A cold embrace from Vinland’s finest

“That is all. A strange sense of nontransience.”
– Nescio, Pleziertrein, 1961.


Artist: maple syrup Pagan Hellfire
Release: On The Path To Triumph (full-length album)
Record company: Tour de Garde
Year: 2013
Language: English
Genre: Ode au temps passé

Original Dutch text and English translation by Degtyarov
(Klik hier voor de Nederlandse versie)

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“Come what may, Vinland, I am ready!”

Loyal readers know that this webzine has quite regularly ridiculed bands such as Immortal and (later) Gorgoroth. While our mockery of ’90s corpsepaint bands is sincere, this derision is certainly not the product of a lack of respect for the Norwegian/Scandinavian ‘scene’. Bands from Northern Europe have been of crucial importance in transforming black metal from a quirky Incarnatusaesthetical concept into a full-fledged musical movement with a (contrary to genres such as thrash and death metal) distinctly European character. The oeuvres of bands such as Bathory, Burzum and Darkthrone cannot be praised enough.

No, Black Ivory Tower does not subscribe in the least to the anti-nostalgic sentiment that enjoys considerable popularity among many younger listeners of black metal. We do, however, understand it. Few things are more annoying than the dysphoric wailing of old bags who speak of the ‘good ol’ days’ in a tone that implies they were there when Euronymous tinkered with the shelves of Helvete. In addition to this misplaced air of superiority, one cannot ignore the fact that black metal as a music form has not exactly stood still since the early nineties. Bands such as Peste Noire, Akitsa and Drudkh certainly are at least on par with many of the artists that inspired them. The end of the Scandinavian hegemony and the subsequent evolution of the concept of black metal have been pivotal in the genre’s survival into the 21st century.

Still, in the middle of all this innovation, it can be refreshing to behold a band that, in l’an de disgrâce 2013, continues to honour the classic Norse sound. With its new album, On The Path To Triumph, Canadian black metallers Pagan Hellfire prove that the Norwegian tradition, even after two decades of genre evolution, has conceded little in the way of vigour. With stretched compositions, tremolo riffs and hard-as-nails blastbeats, this 1995-born one-man project shows no shame in delivering a typical black metal sound. In spite of the ‘pagan’ label (which can even be found in the band’s name), Pagan Hellfire has not adopted the minimalistic approach that relies on atmosphere and raw emotion, a method popularised by numerous Eastern European bands. Instead, On The Path To Triumph exhales a typical Second Wave sound and enriches it with well-balanced compositions, as well as qualitative instrumentation and production.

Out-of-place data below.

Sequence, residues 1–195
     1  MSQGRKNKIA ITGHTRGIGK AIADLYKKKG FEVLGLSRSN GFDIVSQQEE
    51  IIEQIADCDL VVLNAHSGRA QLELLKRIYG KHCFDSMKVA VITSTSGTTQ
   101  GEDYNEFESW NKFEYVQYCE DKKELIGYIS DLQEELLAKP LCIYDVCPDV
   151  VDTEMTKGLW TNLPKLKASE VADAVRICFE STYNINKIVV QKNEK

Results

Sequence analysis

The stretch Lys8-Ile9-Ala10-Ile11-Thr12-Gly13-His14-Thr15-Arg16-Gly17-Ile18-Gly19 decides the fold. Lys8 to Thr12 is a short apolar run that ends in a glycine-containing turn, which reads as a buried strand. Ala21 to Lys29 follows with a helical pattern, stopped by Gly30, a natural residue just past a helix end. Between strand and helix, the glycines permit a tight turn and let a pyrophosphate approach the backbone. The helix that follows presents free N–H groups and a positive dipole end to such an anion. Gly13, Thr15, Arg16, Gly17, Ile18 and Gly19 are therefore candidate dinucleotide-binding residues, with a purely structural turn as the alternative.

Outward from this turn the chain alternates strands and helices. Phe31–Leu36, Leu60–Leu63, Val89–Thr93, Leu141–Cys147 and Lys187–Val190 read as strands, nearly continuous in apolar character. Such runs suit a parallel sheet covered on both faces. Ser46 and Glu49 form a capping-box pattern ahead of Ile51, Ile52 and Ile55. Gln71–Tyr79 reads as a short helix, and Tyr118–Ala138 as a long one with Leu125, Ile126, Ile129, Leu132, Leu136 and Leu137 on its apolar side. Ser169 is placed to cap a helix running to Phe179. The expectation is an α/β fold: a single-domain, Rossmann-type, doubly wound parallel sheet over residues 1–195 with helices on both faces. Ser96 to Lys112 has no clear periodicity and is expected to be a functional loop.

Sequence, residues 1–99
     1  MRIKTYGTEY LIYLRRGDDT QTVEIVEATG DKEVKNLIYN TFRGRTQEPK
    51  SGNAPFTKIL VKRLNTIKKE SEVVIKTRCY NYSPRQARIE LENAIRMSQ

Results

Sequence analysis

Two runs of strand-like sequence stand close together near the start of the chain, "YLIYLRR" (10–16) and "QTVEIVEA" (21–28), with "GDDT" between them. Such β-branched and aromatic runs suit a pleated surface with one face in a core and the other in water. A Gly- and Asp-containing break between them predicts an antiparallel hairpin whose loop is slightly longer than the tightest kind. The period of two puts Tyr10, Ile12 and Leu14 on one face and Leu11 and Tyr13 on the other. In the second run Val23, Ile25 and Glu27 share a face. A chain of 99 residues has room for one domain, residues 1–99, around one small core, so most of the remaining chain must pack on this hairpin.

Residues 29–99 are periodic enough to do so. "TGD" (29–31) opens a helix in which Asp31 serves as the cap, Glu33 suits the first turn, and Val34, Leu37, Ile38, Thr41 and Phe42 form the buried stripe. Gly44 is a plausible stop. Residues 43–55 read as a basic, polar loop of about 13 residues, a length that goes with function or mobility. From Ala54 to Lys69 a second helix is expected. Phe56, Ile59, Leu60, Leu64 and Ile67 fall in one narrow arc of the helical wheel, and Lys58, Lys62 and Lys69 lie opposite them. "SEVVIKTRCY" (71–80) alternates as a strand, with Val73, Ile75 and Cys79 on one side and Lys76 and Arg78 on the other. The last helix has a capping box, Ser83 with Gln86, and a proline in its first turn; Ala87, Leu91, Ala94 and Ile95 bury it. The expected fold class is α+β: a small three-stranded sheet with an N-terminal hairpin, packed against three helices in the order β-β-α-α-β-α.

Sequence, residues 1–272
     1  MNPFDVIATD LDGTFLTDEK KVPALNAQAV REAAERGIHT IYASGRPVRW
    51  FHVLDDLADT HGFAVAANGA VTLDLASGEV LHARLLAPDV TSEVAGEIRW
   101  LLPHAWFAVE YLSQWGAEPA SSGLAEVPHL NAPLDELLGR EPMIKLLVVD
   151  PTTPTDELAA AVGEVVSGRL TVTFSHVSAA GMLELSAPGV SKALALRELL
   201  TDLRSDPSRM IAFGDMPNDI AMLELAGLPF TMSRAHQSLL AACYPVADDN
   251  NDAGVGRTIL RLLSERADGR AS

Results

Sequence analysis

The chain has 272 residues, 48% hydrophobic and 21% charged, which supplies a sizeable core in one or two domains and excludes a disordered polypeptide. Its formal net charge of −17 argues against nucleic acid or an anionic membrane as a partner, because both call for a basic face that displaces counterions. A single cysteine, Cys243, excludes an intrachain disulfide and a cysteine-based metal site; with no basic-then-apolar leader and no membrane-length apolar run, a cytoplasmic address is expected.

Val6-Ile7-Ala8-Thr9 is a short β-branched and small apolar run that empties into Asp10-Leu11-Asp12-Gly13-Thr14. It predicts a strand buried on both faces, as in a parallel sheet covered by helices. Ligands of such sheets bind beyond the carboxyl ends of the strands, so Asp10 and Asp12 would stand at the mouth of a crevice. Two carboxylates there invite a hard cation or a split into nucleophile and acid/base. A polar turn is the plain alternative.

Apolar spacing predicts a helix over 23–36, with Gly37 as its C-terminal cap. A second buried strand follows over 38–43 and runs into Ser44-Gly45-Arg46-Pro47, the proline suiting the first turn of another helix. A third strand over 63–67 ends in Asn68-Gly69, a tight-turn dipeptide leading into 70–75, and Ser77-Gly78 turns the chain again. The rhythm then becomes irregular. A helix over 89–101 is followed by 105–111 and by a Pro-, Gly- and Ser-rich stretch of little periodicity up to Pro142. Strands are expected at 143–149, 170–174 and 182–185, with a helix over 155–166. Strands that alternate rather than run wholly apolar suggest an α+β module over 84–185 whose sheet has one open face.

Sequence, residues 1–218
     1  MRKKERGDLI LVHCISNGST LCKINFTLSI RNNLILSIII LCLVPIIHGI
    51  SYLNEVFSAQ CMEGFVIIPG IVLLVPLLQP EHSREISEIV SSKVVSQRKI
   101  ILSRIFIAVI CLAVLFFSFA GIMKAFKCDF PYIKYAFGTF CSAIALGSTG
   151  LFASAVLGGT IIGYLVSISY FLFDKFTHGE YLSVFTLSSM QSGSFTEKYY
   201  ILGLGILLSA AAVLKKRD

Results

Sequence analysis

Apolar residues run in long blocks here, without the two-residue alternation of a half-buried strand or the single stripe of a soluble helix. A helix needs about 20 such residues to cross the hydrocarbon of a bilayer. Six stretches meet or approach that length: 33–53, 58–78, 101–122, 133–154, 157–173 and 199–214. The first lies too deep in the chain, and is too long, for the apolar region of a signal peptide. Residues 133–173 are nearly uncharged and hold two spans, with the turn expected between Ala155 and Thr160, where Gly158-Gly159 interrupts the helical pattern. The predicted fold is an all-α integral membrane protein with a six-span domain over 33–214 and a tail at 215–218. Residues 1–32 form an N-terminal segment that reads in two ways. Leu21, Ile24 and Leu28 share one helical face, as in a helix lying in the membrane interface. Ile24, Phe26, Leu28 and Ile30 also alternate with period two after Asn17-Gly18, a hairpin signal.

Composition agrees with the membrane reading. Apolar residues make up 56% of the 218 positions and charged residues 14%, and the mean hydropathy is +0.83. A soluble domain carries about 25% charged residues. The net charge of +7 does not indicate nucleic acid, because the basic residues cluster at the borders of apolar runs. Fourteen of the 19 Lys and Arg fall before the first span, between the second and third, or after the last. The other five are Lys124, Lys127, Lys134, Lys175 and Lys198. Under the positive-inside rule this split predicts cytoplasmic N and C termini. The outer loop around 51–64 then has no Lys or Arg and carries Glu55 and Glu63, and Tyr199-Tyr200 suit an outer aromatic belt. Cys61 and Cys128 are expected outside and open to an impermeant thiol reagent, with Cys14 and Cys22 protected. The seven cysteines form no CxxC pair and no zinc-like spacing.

“The music evokes memories of past glory.”

Even though the aesthetisation of the primitive often makes it seem as if the element of production has been rendered irrelevant within black metal circles, this is a grave misconception. Albums on which a balance is found between listenability and rawness are often more tenable than those records that sway too much in either direction. More concretely, On The Path To Triumph sees Pagan Hellfire prove that the impact of even an inherently loud musical style such as black metal can still be amplifiedleiv2 by a production that compliments the music and guides it into the listener’s soul. The deep, organic drums in particular ensure that the music leaves the speakers all the louder, yet without killing the guitars in the process. The crass, voiceless singing, too, possesses exactly the right amount of volume; loud enough to avoid being buried under a wall of unstoppable music, but not so prominent that it drives the instruments to the background à la Panzerfaust.